Delaware North bids $75m for T garage

Revenue from North Station sale to help offset deficit

An affiliate of Delaware North submitted the sole bid for the MBTA’s North Station garage today, putting the financially struggling transportation agency in line for a $75 million windfall.

The sale of the 1,280-space garage is the second significant one-time sale that the T has initiated this year, as it seeks to close nearly $900 million in cumulative budget deficits between fiscal 2013 and 2016.

Last month, the T closed on a $300 million bond offering that traded $450 million in future parking revenue for upfront cash. The T plans to use the bond proceeds to pay down near-term debt.

The T had budgeted $45 million from the North Station deal to close what had been projected as a $132 million deficit in fiscal 2012. Delaware North’s bid topped that figure by nearly $30 million – a sum that would appear to be a down payment on closing next year’s projected $156 million deficit.

In a statement, MBTA spokesman Joe Pesaturo said, “The Authority is pleased to have received the highest bid ever for an MBTA asset.” Pesaturo could not comment on how the excess sale proceeds would be spent, noting that the sale has not been finalized. The T expects to close the sale by the end of the year.

John Wentzell, president of the TD Garden, said Delaware North has had “a longstanding interest” in acquiring the North Station garage, going back to the initial planning of the TD Garden. “It’s a really important piece for the current business, and for future development.”

It appears that Delaware North paid a premium to gain control of the garage under its arena as a way of easing future construction in the area. The site of the former Boston Garden is zoned to allow up to 1 million square feet of new development, and the garage will likely play a key role in accommodating that construction.

Delaware North’s new Garden arena was built on top of the North Station garage, on a formerly vacant lot once owned by the city of Boston. State officials took the lot from the city in a legislative maneuver, leaving development air rights with the city and Delaware North. The state’s maneuvering allowed it to bury the Green Line (which runs through the middle of the garage) and expand rail capacity at North Station, but it also left the T, a mass transit agency, owning a parking garage at the downtown end of a major transit hub. The garage is sparsely used by commuters. The 2009 legislative overhaul of the state’s transportation bureaucracy allowed the T to sell the garage for economic development purposes – language that was seen as a nod to Delaware North’s construction plans.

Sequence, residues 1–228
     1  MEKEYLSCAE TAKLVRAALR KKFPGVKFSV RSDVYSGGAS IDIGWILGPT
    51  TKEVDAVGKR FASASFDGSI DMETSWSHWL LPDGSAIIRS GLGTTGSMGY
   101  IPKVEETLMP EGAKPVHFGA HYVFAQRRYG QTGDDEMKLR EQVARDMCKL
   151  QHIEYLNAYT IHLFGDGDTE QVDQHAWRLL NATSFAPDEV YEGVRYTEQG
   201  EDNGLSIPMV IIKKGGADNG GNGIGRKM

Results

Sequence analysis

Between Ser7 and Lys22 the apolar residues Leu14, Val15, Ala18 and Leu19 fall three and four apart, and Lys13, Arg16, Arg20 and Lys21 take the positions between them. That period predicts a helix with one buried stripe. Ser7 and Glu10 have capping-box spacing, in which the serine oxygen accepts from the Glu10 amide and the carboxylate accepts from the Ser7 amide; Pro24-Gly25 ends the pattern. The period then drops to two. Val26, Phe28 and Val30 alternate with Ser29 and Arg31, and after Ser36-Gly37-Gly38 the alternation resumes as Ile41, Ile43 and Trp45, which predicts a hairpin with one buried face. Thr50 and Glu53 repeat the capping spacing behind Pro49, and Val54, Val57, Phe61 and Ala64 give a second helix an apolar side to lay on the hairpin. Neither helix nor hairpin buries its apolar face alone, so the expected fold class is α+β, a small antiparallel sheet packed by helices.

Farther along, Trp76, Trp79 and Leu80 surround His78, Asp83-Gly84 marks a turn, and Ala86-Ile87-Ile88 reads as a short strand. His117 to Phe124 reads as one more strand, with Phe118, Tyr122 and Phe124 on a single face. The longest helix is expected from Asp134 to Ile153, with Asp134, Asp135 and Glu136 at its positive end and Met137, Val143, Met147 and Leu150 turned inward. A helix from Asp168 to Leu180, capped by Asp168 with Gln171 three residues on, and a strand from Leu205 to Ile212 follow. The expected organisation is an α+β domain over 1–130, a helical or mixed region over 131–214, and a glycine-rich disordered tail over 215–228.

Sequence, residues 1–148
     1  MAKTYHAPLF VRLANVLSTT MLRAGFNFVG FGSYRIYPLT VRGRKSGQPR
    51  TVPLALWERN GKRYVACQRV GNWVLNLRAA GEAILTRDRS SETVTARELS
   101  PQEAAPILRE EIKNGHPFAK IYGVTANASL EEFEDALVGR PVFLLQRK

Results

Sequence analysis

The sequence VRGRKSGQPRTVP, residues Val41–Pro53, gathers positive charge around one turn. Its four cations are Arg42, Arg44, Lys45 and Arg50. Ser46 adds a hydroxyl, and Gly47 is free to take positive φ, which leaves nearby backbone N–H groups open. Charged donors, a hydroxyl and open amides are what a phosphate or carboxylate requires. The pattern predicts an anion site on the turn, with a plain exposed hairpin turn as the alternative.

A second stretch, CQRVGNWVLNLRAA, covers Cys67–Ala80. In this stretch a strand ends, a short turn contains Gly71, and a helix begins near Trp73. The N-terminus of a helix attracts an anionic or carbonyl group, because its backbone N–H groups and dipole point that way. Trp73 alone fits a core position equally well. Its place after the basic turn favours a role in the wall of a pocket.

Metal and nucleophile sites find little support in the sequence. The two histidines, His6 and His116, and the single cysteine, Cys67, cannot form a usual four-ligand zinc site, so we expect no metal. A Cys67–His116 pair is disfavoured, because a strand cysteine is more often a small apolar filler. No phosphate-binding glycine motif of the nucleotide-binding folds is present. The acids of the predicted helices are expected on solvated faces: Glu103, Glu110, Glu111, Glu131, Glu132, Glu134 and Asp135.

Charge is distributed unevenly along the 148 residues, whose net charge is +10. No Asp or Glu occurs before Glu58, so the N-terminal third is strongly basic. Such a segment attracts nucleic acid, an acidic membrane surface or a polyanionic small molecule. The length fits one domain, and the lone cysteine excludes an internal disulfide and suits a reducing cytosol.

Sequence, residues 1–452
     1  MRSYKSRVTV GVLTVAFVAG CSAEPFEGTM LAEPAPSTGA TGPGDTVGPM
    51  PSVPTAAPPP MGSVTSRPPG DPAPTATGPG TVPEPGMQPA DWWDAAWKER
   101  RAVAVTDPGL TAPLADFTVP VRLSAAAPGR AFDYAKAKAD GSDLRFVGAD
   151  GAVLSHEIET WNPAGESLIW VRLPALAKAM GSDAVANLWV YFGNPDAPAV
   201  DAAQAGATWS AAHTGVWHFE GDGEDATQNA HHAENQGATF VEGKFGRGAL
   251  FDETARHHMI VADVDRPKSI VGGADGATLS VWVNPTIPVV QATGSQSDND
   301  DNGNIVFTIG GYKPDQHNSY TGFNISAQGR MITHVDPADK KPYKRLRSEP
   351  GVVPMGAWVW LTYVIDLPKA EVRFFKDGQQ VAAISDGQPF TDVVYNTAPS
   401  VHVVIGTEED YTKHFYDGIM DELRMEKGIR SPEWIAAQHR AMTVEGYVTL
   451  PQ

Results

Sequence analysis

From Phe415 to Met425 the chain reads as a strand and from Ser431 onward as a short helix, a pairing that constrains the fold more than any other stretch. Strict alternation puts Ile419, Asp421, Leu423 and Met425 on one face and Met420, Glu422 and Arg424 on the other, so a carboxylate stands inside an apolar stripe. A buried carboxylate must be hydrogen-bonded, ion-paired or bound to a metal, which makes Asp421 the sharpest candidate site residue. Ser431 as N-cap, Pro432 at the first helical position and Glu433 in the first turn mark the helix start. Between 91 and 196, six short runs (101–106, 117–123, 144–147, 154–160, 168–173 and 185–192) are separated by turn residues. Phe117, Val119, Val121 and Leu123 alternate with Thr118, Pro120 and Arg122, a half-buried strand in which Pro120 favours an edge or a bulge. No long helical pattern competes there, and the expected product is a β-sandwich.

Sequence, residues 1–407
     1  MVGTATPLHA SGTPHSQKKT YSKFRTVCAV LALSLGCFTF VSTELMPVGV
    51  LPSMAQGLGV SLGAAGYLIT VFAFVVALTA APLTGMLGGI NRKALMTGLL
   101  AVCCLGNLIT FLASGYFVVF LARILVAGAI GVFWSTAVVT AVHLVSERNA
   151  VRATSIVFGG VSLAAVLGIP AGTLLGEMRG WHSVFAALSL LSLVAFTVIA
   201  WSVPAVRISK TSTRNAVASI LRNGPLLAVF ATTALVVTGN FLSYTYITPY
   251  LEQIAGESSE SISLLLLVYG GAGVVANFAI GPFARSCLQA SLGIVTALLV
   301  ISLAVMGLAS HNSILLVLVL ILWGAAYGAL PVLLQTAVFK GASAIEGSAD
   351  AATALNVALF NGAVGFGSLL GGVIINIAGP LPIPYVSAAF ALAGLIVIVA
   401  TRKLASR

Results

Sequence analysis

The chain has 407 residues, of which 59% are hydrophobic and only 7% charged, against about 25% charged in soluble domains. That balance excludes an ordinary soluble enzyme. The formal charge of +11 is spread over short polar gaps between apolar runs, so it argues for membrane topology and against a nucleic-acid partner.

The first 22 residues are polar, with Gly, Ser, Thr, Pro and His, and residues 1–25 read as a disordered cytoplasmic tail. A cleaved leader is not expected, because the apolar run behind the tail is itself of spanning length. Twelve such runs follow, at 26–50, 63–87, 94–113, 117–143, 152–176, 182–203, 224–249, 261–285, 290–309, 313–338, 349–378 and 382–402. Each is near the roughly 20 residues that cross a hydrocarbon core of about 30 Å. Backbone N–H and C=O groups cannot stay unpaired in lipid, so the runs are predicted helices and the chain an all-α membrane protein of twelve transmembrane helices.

Meet the Author

Paul McMorrow

Associate Editor, CommonWealth

About Paul McMorrow

Paul McMorrow comes to CommonWealth from Banker & Tradesman, where he covered commercial real estate and development. He previously worked as a contributing editor to Boston magazine, where he covered local politics in print and online. He got his start at the Weekly Dig, where he worked as a staff writer, and later news and features editor. Paul writes a frequent column about real estate for the Boston Globe’s Op-Ed page, and is a regular contributor to BeerAdvocate magazine. His work has been recognized by the City and Regional Magazine Association, the New England Press Association, and the Association of Alternative Newsweeklies. He is a Boston University graduate and a lifelong New Englander.

About Paul McMorrow

Paul McMorrow comes to CommonWealth from Banker & Tradesman, where he covered commercial real estate and development. He previously worked as a contributing editor to Boston magazine, where he covered local politics in print and online. He got his start at the Weekly Dig, where he worked as a staff writer, and later news and features editor. Paul writes a frequent column about real estate for the Boston Globe’s Op-Ed page, and is a regular contributor to BeerAdvocate magazine. His work has been recognized by the City and Regional Magazine Association, the New England Press Association, and the Association of Alternative Newsweeklies. He is a Boston University graduate and a lifelong New Englander.

“This was an outcome that was contemplated decades ago, when the garage was first built,” said Bob O’Brien, executive director of the Downtown North Association.

The North Station garage sale has been a bumpy process for the T. Last month, potential bidders took a weekday tour of the nearly-empty garage, and then peppered T representatives with a series of skeptical questions about the $70 million price tag. One attendee said a real estate exec not aligned with Delaware North “tore into” the T over pricing.